Nothing communicates the corrupt nature of the loathsome Braggioni like his silver ammunition belt, which he likes to show off to Laura. Once an impassioned revolutionary, Braggioni is now rich both in power and money, having grown fat and cynical. Although he brandishes the belt when speaking of the two parades, Catholic and Socialist, that are destined for collision, it is clear that the belt is largely for show. That Braggioni would wear an ammunition belt in combination with his expensive clothing and imported perfume also speaks to his vanity. Laura eventually calls him on his hypocrisy, handing him his belt and saying "Put that on, and go kill somebody in Morelia, and you will be happier." Of course, this seems unlikely, as Laura understands that the silver ammunition belt is really just for show, and Braggioni is all talk.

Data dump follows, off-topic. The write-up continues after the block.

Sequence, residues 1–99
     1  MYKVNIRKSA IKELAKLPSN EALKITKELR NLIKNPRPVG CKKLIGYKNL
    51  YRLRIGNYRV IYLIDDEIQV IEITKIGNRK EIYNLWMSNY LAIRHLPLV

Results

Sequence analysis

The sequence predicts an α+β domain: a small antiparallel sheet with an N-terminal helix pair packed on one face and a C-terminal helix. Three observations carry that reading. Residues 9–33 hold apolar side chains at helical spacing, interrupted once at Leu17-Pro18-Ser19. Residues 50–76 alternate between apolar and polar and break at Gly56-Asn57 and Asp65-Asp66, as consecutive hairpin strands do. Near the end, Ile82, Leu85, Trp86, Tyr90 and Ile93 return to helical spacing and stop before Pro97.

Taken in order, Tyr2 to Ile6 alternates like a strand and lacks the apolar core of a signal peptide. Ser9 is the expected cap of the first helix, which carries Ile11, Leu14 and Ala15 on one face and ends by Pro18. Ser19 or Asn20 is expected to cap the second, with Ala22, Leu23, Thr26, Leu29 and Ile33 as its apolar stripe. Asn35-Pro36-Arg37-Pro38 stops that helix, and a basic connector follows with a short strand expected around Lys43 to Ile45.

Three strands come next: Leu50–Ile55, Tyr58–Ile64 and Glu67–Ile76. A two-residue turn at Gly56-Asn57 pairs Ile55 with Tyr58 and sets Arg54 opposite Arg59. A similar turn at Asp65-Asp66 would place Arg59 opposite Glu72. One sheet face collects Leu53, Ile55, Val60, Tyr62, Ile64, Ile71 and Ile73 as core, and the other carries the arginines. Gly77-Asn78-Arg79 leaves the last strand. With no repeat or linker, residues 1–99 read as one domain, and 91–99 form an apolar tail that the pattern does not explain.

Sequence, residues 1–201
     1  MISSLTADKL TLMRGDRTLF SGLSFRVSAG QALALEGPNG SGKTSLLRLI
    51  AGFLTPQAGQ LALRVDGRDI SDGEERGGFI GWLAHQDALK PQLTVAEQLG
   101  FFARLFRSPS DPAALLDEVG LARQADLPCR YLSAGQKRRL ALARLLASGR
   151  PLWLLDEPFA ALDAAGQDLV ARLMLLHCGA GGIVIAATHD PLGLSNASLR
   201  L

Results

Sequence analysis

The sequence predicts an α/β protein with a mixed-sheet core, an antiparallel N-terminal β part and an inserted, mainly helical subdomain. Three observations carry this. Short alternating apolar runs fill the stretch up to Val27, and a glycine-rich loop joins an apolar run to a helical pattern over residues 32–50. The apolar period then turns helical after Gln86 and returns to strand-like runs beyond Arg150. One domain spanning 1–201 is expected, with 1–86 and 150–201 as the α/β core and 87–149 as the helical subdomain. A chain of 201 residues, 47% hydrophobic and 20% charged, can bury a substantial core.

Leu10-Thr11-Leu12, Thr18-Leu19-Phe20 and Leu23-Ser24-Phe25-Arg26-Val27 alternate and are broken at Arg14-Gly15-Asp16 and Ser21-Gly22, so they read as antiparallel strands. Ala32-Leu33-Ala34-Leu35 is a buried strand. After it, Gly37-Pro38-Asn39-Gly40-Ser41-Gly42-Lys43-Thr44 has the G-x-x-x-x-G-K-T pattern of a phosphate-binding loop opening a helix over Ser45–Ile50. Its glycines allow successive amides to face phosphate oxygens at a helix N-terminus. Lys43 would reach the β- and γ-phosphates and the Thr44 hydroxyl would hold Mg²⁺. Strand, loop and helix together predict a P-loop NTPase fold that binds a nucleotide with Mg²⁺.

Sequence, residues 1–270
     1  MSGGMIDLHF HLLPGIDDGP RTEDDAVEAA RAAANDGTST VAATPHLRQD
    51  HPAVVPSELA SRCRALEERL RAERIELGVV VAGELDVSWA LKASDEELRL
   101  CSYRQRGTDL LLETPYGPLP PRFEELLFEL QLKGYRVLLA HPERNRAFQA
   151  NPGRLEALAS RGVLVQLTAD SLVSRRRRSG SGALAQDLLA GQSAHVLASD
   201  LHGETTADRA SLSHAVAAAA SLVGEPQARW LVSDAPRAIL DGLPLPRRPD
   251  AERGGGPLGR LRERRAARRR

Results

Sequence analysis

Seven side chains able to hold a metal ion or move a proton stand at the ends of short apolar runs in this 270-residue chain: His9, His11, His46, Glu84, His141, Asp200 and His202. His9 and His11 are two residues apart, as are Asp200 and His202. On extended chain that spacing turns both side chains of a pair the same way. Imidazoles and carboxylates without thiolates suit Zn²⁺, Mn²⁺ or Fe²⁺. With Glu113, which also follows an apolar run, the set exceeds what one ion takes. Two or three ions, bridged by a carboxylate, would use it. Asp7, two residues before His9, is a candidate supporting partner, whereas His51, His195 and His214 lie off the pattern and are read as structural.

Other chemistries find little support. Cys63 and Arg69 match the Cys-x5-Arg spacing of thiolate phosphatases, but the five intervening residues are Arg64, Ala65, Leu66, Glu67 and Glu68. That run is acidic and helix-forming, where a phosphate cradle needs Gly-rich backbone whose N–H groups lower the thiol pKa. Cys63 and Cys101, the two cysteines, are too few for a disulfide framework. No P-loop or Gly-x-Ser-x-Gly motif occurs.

The belt also has biblical underpinnings: given the story’s frequent allusions to Judas Iscariot, the silver ammunition belt recalls Judas betraying Christ in exchange for thirty pieces of silver. Braggioni, too, has betrayed his ideals and the people under his power.
The Silver Ammunition Belt Quotes in Flowering Judas
There will be two independent processions, starting from either end of town and they will march until they meet, and the rest depends…” He asks her to oil and load his pistols. Standing up, he unbuckles his ammunition belt, and spreads it laden across her knees. Laura sits with the shells slipping through the cleaning cloth dipped in oil, and he says again he cannot understand why she works so hard for the revolutionary idea unless she loves some man who is in it.